|They don't play it like us|
There's the competition? Amelie is a sweet, feel-good fairy tale about ordinary people grappling with the ordinary business of life. Sadly, an overdose of sweetness has almost soured the Oscars over the years.
Only last year, we tasted Chocolat, didn't we? Elling is an attempt to accolade the achievements of a pair of dysfunctional friends who combat the pressures of a normal world in their own abnormal ways. Normal is boring: now hasn't Uncle Oscar already echoed the Fido Dido credo nearly nineteen times till date. Oscar history throws up a never-ending love bond between the mentally or physically challenged wonderboy who transforms the all-faculties-intact guy into a midget.
Remember Tom Hank's Forrest Gump, Dustin Hoffman's Rain Man, Daniel Day Lewis' My Left Foot and Al Pacino's Scent of a W oman. No Man's Land shifts the Academy's by and large blinkered vision to virgin territory. Nevertheless, the Bosnian war drama remains an oft-voiced cry for peace.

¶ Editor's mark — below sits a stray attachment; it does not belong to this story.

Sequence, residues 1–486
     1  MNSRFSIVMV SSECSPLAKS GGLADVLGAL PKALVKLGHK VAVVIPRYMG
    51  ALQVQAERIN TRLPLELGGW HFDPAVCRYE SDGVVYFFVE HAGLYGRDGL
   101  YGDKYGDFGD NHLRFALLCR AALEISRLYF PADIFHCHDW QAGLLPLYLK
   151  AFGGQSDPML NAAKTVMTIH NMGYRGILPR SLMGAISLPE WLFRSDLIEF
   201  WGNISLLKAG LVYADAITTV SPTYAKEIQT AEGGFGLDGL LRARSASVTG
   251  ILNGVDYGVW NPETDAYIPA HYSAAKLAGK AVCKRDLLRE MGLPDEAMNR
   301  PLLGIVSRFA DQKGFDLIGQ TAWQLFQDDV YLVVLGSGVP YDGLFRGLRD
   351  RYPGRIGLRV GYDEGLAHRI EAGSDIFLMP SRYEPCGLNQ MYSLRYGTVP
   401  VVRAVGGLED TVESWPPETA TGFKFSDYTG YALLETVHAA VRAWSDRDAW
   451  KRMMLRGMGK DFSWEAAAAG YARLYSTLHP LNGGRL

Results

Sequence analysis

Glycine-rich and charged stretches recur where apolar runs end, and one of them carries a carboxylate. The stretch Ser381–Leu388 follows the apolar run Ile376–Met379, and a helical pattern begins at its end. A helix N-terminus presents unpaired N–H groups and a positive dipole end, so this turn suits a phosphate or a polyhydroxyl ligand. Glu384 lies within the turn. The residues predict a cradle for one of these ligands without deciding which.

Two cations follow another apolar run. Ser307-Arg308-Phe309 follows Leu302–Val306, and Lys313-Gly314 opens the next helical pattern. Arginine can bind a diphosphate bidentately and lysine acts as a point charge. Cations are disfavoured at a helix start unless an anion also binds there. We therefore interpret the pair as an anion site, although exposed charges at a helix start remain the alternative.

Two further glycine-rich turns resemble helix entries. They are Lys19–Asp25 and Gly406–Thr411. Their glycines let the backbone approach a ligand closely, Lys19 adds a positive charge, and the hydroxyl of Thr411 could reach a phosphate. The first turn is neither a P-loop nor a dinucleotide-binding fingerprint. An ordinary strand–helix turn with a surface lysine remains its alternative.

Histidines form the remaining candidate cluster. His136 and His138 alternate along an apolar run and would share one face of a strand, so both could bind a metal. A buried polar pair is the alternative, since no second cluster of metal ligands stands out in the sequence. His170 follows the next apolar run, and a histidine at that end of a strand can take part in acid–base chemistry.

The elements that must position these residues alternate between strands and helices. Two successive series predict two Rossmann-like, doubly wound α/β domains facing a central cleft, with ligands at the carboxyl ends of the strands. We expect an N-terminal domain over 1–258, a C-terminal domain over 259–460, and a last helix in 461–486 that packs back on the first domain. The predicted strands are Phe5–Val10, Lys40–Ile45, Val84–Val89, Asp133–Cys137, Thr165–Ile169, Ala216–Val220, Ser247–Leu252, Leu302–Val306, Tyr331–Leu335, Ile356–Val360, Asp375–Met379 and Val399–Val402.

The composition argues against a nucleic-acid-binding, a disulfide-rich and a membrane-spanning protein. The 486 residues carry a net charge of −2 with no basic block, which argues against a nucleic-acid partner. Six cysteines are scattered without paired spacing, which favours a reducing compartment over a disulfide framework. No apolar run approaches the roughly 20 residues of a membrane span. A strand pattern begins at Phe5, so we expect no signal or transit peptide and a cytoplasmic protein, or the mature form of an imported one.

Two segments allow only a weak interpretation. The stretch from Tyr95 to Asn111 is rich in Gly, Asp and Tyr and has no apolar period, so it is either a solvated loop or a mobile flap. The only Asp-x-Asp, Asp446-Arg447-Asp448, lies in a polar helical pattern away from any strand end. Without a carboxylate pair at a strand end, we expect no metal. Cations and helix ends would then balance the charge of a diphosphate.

Lagaan is all this and so much more. It is about love, peace, patriotism, ordinary heroism, underdog grandeur, sportsmanship, comradeship, anti-casteism, anti-imperialism, secularism... But that's only about content. And only about the competition in the foreign film category. Lagaan stands heads and shoulders above its competitors merely on the strength of its story, the style of its craft and the scale of its canvas.
Time to go ten
steps further and pose the million dollar query to Hollywood itself:
Where's the competition, big brother? Take the best of Indian cinema
and pitch it against
If Bollywood (read
Lagaan) feels threatened today, it is not so much an external threat.
|TIMES OF INDIA
By Nikhat Kazmi, dated Monday March 25, 2002.